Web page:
For Maryam Abdullahi, another house wife in Gwallaga area, Bauchi, said she retained an Almajiri who apart from helping her with house work, teach her little children Arabic alphabets.
“I have an Almajiri that comes on Thursdays and Fridays to give Qur’an lesson to my children. I’m happy now that my children are good in Arabic alphabets and Qur’an recitation, courtesy of the lesson they receive from this boy ( the Almajiri). I cannot thank him enough.”
When asked how honest and disciplined she finds the Almajiri, she said, ” I send him uncountable times with money to buy food stuff and other items, and I always find him unblemished.”
Murtala Aminu (Ɗankasuwa), a trader in an Almajiri dominated area when asked how he finds the Almajiris around him, he asserted that their stay in the area is a blessing.
“They recite the Qur’an every blessed day and night. This gives us tranquility and peace of mind. In addition, we cite them as example for our children to emulate their hard work in terms of searching for knowledge. Many of them memorised the Qur’an by heart. What could be more delightful?”.
We take good care of Almajiris under our watch — Almajiri teachers
Some Almajiri teachers when interviewed revealed to us how they strictly manage the Almajiris under their tutelage in order to be well brought up and face the realities of life early.
Mallam Muhammad Shafi’u Inuwa who is an Almajiri teacher in Sabon Gida Tsangaya school said, “under our school we have about a hundred Almajiris. We raise them up early in the morning to take classes between 5:00am and 10:00pm. In the afternoon we allow them out to do some works to earn a living. At night between 8:00pm and 10:00pm is also time for classes. We ensure that all the Almajiris are back to their apartments when it is time for sleeping.”
On his part, Mallam Khamisu Ali (Gwani), another Almajiri teacher said, “we try in this Tsangaya (Almajiri school) to imbue in them (the Almajiris) the spirit of hard work. We encourage them to be self-reliant, because to work and earn a living is better than to beg, that is why we allow them on school-free days (Thursdays and Fridays) to acquire skills.”
When asked whether the parents of the Almajiris come to check on their wards, Mallam Gwani said, “we are in contact with their parents. We face some challenges with regards to this, but plans are underway to make it necessary for every parent to come in person and check on their wards at certain intervals of time.”
Regarding the efficiency of the learning, Mallam Gwani stated that they have produced and are producing brilliant reciters, some of whom memorised the Qur’an by heart at teen age.
Some Almajiris do not beg neither chant for food
In their efforts to face the realities of life and actualise self-reliance, some Almajiris interviewed claimed to have never begged nor go to houses chanting for food
A teen Almajiri, Zaharadden Manu in this interview explained how he sustains his life by harnessing and utilising the skill he learned back home before he was taken to Almajiranci.
“Everyday after school hours, I go round nearby communities to do shoe shining and it earns me a living. On Thursdays and Fridays I fetch water to house wives in exchange for food or money”, he said.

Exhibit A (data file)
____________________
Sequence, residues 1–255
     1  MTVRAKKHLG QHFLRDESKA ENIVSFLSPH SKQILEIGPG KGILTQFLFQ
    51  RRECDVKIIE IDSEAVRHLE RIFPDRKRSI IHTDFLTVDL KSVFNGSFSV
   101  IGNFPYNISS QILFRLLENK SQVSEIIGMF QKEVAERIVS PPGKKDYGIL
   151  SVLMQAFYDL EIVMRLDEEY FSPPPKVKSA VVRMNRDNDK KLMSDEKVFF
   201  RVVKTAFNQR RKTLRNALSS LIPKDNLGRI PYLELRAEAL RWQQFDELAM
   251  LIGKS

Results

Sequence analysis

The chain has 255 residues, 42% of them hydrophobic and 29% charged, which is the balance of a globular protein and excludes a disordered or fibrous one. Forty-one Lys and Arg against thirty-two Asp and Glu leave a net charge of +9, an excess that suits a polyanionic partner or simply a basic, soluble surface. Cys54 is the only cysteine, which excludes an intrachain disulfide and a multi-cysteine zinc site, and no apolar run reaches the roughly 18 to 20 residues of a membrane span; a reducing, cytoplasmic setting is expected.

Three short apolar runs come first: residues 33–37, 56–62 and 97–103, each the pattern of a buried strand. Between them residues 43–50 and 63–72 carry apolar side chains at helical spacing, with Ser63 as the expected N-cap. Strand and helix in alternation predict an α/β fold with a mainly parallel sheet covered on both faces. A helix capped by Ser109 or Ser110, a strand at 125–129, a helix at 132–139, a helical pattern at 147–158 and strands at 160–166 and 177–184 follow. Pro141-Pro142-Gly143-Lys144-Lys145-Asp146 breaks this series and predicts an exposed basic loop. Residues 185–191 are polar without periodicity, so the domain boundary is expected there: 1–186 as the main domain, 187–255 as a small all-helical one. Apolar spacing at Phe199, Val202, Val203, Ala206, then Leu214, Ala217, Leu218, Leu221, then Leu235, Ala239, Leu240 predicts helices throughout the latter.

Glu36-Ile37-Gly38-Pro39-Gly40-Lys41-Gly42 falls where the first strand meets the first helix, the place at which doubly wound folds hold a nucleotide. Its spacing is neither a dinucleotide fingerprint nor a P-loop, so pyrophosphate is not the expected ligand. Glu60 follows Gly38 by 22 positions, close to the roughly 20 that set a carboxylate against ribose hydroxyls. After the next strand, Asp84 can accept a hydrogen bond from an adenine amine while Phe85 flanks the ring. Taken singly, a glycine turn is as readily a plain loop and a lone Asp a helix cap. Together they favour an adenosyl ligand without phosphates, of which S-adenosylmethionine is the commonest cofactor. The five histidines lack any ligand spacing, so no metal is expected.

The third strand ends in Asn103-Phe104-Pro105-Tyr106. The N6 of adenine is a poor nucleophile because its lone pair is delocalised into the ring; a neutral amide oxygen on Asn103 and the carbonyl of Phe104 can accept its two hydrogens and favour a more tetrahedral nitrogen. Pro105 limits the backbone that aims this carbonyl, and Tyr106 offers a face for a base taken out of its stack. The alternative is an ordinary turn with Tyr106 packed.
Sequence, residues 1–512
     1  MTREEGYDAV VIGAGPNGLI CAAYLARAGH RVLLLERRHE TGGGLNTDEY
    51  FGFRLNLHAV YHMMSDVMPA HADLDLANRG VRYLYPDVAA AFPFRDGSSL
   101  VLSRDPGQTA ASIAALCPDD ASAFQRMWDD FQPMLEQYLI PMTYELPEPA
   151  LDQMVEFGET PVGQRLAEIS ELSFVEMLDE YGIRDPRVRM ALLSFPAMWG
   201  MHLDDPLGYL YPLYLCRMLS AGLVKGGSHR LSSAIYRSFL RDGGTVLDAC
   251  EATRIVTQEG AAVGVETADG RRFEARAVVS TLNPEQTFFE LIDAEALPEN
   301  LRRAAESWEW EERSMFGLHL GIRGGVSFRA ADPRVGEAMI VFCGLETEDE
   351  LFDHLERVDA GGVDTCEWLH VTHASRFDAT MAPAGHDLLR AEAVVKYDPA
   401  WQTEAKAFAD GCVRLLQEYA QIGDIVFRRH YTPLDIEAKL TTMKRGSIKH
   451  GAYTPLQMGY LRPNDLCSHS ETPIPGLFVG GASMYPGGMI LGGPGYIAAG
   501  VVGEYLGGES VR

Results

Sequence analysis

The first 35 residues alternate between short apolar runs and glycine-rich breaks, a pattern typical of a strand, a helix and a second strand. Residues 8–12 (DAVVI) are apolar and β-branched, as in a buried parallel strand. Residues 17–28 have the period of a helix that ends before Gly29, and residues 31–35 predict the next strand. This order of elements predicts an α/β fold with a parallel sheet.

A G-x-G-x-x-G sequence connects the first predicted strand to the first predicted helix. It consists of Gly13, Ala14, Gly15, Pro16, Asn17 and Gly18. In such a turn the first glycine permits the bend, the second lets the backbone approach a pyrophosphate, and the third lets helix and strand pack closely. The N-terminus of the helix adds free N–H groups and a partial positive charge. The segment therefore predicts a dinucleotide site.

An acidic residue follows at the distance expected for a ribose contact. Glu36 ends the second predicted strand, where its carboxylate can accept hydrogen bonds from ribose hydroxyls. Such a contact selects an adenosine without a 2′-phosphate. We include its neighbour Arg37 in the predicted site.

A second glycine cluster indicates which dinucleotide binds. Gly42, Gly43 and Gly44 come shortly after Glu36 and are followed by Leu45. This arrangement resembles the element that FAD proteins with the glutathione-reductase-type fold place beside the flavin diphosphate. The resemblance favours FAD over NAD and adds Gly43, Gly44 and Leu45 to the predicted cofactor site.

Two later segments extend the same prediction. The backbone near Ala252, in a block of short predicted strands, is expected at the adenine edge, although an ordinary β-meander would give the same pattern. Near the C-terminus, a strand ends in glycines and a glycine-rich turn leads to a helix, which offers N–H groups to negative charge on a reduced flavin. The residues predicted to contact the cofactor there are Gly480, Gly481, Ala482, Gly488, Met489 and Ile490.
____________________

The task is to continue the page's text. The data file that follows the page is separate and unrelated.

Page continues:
Musa Aliyu is an ambitious Almajiri who reconciles Qur’an learning and hand work. When asked where he sees himself in the decade, he said, ” I see myself in the future as an educated person and a business owner with employees under me. I pursue this dream to the best of my ability.”
It was observed that on school-free days, markets and commercial centres get populated with Almajiris who do different works to earn some money to live on.
Give Almajiris atmosphere to harness their full potentials — Educationist
Comrade Abdullahi Yalwa, an Educationist who is a lecturer with the Department of Crimes Management and Control, Abubakar Tatari Ali Polytechnic, Bauchi, in an interview on the debate of weather the system should be abolished or repositioned, opined that, ” i think that abrogating the system may not be realistic or so easily achieved. What should be done is to review and revise in order to align with realities. There is correlation between nature and nurture, and the two must synchronise in order to give effective and responsible person. If one is bound to succeed, if given a better condition he would be double or triple or would be in the book of record for the exceptional display of talent.”
Comrade Yalwa further said, ” to maximise the benefits and reduce or eliminate the negative effects of the system, parents need to be responsible by sponsoring their children when going in search of the knowledge — give them enough resources to manage themselves, visit them periodically, give them what they need in terms of their basic need and also appreciate the person taking care of them in order not for him to use them as slaves.”
On what the government and relevant authorities should do to polish the system, Comrade Yalwa recommended, “the Almajiri teachers ought to be registered by the government and maximum number of students should be allotted to each, and they should have the basis necessities, especially accommodation facilities, where people have responsible and decent life.”
Maijama’a is a student at the Faculty of Communication, Bayero University, Kano and wrote via firstname.lastname@example.org